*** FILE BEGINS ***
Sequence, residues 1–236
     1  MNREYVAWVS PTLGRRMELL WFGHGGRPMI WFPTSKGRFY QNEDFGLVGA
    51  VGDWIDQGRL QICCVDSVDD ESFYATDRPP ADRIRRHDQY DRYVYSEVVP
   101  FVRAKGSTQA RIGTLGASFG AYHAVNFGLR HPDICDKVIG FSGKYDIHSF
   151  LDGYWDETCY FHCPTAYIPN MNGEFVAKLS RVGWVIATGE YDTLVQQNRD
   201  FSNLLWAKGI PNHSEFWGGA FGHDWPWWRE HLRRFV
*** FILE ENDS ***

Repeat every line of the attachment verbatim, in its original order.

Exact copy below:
Sequence, residues 1–236
     1  MNREYVAWVS PTLGRRMELL WFGHGGRPMI WFPTSKGRFY QNEDFGLVGA
    51  VGDWIDQGRL QICCVDSVDD ESFYATDRPP ADRIRRHDQY DRYVYSEVVP
   101  FVRAKGSTQA RIGTLGASFG AYHAVNFGLR HPDICDKVIG FSGKYDIHSF
   151  LDGYWDETCY FHCPTAYIPN MNGEFVAKLS RVGWVIATGE YDTLVQQNRD
   201  FSNLLWAKGI PNHSEFWGGA FGHDWPWWRE HLRRFV